Ever wonder why we spring clean? Spring cleaning is a tradition rooted in thousands of years of history. Many civilizations would take advantage of the spring’s light and warmth, using this time to clean all the soot that piled up during the long, cold winter.

Although the majority of us don’t heat our homes with fire, it’s still commonplace to take advantage of the warm weather and give your home a deep clean after the long winter months.

Here’s what you should be cleaning this spring:

Around the house

• Before you start cleaning, get rid of some of the clutter in your home. Go through each room and rid yourself of things you no longer use or want. Make one pile to donate, one pile to trash, and one pile to sell.
• Dust crevices, nooks, and crannies. Dust all hard surfaces, and use an extendable duster or ladder to reach ceiling nooks, recessed lighting, moldings and ceiling fans.
• Clean light fixtures. Like ceiling fans, light fixtures are magnets for dust, dirt and even bugs. Use an extendable duster to reach your high light fixtures. For fixtures with glass covers, remove the glass before cleaning. Dump dust or dead bugs into the trash first. Then, soak the glass in warm, soapy water. Use a sponge or cloth to wipe it down and get rid of stuck-on dirt or grime. Dry it completely with a towel before replacing it.
• Machine wash or dry clean your curtains. The majority of curtains are made of woven fabrics that accumulate dust, pet hair and dander. Over time the accumulation will make your curtains look dingy.
• Wash your windows on the inside and outside of your house.
• Replace dirty filters. Energy Star suggests that you replace your HVAC air filters once a month or every three months at minimum. If you haven’t changed yours recently, do it now. By replacing your dirty air filter, you’ll cut down on heating and cooling costs, and maintain healthy air quality.
• Wash all the vents in your house.

woman deep cleaning her carpet


• Deep clean your carpet. If you don’t want to pay to have your carpets professionally cleaned, you can rent a cleaner at a home improvement store like Lowe’s or Home Depot. Even if you vacuum regularly, a deep clean will help get the dust and grime that’s stuck on your carpet.
• Vacuum underneath furniture. Chances are that you don’t always vacuum under your furniture, especially hard to move furniture such as a couch or bed. Take the time to move the furniture so you can thoroughly vacuum out all the accumulated dust and debris. You can use the upholstery tool on your vacuum to clean your chairs and sofas. Vacuum both sides of the cushions and underneath them.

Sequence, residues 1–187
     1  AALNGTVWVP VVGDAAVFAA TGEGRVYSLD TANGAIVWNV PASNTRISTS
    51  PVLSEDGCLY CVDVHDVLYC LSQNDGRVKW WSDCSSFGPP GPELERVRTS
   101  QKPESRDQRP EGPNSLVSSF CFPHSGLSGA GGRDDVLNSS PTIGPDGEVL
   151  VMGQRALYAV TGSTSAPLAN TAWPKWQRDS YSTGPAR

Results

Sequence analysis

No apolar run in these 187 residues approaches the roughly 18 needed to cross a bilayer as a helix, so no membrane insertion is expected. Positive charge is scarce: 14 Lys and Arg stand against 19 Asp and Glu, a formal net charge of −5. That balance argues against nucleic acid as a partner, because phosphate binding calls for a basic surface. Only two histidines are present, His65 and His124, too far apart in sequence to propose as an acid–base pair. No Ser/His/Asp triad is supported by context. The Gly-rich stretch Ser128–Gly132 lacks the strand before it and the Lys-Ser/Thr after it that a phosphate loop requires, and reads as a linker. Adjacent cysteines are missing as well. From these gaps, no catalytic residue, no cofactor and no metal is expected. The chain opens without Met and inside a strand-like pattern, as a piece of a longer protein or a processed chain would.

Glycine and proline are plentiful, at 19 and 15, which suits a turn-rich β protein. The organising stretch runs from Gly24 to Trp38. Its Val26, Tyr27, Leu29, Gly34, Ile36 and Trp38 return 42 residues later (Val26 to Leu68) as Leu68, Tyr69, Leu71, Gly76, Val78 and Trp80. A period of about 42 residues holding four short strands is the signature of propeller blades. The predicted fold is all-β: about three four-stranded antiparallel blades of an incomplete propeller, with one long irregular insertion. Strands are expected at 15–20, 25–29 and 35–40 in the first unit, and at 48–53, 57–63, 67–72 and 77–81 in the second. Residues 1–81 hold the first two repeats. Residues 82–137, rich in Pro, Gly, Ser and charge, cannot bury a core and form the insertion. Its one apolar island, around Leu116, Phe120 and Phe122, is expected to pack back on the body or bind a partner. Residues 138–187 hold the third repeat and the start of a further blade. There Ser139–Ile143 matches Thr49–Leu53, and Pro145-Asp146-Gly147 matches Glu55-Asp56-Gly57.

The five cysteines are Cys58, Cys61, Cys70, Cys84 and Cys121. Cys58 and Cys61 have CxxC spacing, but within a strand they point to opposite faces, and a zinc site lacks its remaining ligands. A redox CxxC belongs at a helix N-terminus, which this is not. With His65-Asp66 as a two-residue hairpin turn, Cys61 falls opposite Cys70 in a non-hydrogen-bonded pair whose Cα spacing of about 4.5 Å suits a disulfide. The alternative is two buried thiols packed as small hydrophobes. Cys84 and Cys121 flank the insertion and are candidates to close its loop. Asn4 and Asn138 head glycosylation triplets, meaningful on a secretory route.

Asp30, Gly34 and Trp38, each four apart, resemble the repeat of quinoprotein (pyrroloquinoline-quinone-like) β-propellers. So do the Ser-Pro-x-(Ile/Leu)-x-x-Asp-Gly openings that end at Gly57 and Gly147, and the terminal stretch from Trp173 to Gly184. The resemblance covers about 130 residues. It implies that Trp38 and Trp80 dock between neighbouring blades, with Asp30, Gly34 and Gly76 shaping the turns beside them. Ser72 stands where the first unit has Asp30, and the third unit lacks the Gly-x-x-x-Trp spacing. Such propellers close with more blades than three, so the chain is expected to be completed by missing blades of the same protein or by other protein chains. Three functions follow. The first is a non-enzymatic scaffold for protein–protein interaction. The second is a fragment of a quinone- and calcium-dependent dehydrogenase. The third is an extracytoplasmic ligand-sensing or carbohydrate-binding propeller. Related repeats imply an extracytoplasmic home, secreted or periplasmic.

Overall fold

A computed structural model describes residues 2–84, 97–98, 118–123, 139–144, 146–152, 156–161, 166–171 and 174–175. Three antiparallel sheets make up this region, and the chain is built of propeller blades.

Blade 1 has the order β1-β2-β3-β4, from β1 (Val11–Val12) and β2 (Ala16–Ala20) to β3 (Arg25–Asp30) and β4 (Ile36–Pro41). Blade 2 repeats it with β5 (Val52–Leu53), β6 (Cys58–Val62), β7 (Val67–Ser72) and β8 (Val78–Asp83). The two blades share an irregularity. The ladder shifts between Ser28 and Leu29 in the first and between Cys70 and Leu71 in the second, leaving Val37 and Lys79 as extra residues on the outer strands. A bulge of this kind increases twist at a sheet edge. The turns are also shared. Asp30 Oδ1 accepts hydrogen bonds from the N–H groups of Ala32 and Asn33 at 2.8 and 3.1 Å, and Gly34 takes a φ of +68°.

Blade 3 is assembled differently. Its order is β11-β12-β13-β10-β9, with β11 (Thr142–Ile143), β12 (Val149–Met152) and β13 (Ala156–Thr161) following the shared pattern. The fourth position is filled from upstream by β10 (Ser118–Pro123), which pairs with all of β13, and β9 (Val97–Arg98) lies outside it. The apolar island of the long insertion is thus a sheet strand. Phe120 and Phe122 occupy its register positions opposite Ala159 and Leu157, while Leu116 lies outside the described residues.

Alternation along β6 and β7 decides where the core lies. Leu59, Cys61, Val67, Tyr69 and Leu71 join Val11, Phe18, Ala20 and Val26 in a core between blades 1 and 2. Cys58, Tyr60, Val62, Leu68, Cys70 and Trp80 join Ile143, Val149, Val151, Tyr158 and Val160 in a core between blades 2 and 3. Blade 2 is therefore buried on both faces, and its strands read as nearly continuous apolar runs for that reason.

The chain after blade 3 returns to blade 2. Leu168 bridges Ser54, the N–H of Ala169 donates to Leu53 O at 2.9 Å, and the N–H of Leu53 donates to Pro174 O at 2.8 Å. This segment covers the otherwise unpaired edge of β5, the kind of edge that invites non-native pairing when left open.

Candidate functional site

• Mop and wax where needed.

In the Kitchen

• Your oven needs to be cleaned every three to six months, so why not do it now? The easiest way to clean your oven is to put it on the self-cleaning function. This will set your oven to the highest temperature possible (over 900 degrees) and will burn all debris to white ash. Once the oven has cooled down, simply wipe the ash out of the bottom. If you feel uncomfortable using the self-clean function, you can clean your oven manually with a baking soda and water paste. Let the baking soda paste sit for 12-24 hours before scrubbing it off. If you want to use a quicker method, try pouring vinegar over the baking soda paste. This causes the baking soda to react with a fizz, making it easier to scrub off baked-on debris.
• Use the same baking soda and water method to clean your stovetop. For a ceramic stovetop, simply coat the stovetop with the baking soda and water paste. Let sit for ten minutes, then wipe clean.
• For gas stovetops, start by removing the grates and burner covers and soaking them in hot, soapy water. Then, use the baking soda and water paste on a wet rag to scrub off the remaining dirt. Wipe down the top of the range with a rag moistened with soapy water. Make sure that the rag is not too wet, or it can damage the ignitor. Clean with water and wipe dry. Lastly, scrub the soaking grates and burners with a sponge, then thoroughly dry them off before placing them back on the stovetop. Then open the stove top and wipe with a damp sponge.
• For an electric stovetop, first, remove the coils and reflector bowls. Wipe the coils with a damp sponge and clean the reflector bowls with hot water and a mild cleaner, such as baking soda and water. Let coils and reflector bowls dry completely, then replace them.

• Toss expired food from your pantry, fridge, and freezer. Then, take out all the food and clean the shelves. Reorganize as you replace all the food items.


• Deep clean your shower and bath by letting bathroom spray or pine cleaner soak on the shower or bath walls. Let the spray stand while you clean other areas, then go back and start scrubbing. Rinse with water, then dry with a clean towel.
• Wash shower curtain liner and bath mats.


• Switch out cool-weather clothing for warm-weather clothing. Be sure to wash your cooler-weather clothing before storing it. By storing your cool-weather clothes, you’ll reduce clutter in your closet. This is also a good time to get rid of some of the clothes in your wardrobe that you don’t wear. If you haven’t worn it in a year, get rid of it.
• Flip your mattress.
• Wash or replace pillows, depending on how long you’ve had them.
• Wash your comforter or duvet cover if you haven’t in a while.

Outside the house

• Sweep your front porch and back deck, and dust all the cobwebs.
• Consider replacing your welcome mat if needed.
• Wash all patio furniture.